* Motion by Alecta gets 90.54 pct approval at AGM
* Motion had been widely expected to be rebuffed
* Removal of hurdle could lure back one-time bidder
* Shares jump 12 percent post-market
(Adds details and share activity)
FRANKFURT, June 12 Rhoen-Klinikum's
owners unexpectedly voted to scrap a requirement for
shareholders holding 90 percent of its capital to approve major
strategic decisions, which could put the German hospital
operator back onto Fresenius's shopping list.
A proposal by Swedish pension firm Alecta at Rhoen's annual
general meeting on Wednesday to remove the hurdle, which would
also apply for a takeover of Rhoen, was supported by 90.54
percent of shareholders, enough for the motion to succeed.
Shares in Rhoen-Klinikum jumped more than 13 percent in
The threshold, initially introduced to prevent an
unsolicited takeover, proved insurmountable when diversified
healthcare group Fresenius last year tried to buy
Rhoen for 3.1 billion euros ($4.13 billion) in an agreed deal.
"We believe that this clause has turned into a stumbling
block for the further development of the company," Marcus
Luettgen, a representative of Alecta, told the AGM ahead of the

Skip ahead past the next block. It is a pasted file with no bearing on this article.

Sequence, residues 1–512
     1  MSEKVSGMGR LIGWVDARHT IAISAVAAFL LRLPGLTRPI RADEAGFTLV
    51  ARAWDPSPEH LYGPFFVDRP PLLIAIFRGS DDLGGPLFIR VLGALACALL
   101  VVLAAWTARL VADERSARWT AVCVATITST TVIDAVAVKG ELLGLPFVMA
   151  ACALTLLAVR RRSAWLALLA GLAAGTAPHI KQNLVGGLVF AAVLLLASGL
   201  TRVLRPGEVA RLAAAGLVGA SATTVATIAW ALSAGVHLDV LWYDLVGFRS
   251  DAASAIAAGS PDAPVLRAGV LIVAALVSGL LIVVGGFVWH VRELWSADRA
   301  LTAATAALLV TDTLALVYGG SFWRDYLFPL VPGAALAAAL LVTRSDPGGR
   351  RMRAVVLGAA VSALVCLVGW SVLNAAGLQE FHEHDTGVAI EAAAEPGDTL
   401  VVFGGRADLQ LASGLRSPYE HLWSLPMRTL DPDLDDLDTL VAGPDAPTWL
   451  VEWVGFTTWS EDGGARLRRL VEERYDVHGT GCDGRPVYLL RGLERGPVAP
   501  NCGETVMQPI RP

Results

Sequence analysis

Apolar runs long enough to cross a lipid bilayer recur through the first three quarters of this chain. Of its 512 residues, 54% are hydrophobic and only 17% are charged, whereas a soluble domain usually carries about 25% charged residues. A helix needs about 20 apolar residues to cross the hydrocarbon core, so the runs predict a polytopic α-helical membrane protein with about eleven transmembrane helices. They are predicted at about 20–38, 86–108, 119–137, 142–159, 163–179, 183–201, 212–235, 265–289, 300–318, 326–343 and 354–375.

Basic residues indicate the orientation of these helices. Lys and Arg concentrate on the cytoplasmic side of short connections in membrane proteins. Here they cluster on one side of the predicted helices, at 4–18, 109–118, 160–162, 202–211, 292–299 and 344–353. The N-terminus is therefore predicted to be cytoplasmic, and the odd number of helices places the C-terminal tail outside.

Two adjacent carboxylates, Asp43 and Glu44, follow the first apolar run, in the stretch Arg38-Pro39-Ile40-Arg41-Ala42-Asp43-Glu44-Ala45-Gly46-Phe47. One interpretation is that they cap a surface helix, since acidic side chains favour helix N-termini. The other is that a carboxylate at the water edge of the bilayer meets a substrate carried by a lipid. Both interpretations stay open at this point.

vote on Wednesday.
A removal of the clause from Rhoen's bylaws means future
strategic moves will require an approval rate of only 75
percent, as is common in Germany. That could pave the way for a
renewed bid by Fresenius, which has said it remained in
principle interested in Rhoen.
Alecta's motion had widely been expected to be rebuffed
because it required the approval of at least 90 percent of
shareholders. Two major shareholders - Asklepios and the owner
of medical supplies maker B. Braun - have opposed the Fresenius
takeover, and they hold more than 10 percent of shares together.
Rhoen said its management would provide further details on
the matter on Thursday.
($1 = 0.7498 euros)
(Reporting by Frank Siebelt; Writing by Ludwig Burger and Maria
Sheahan; Editing by Jane Baird and Chris Reese)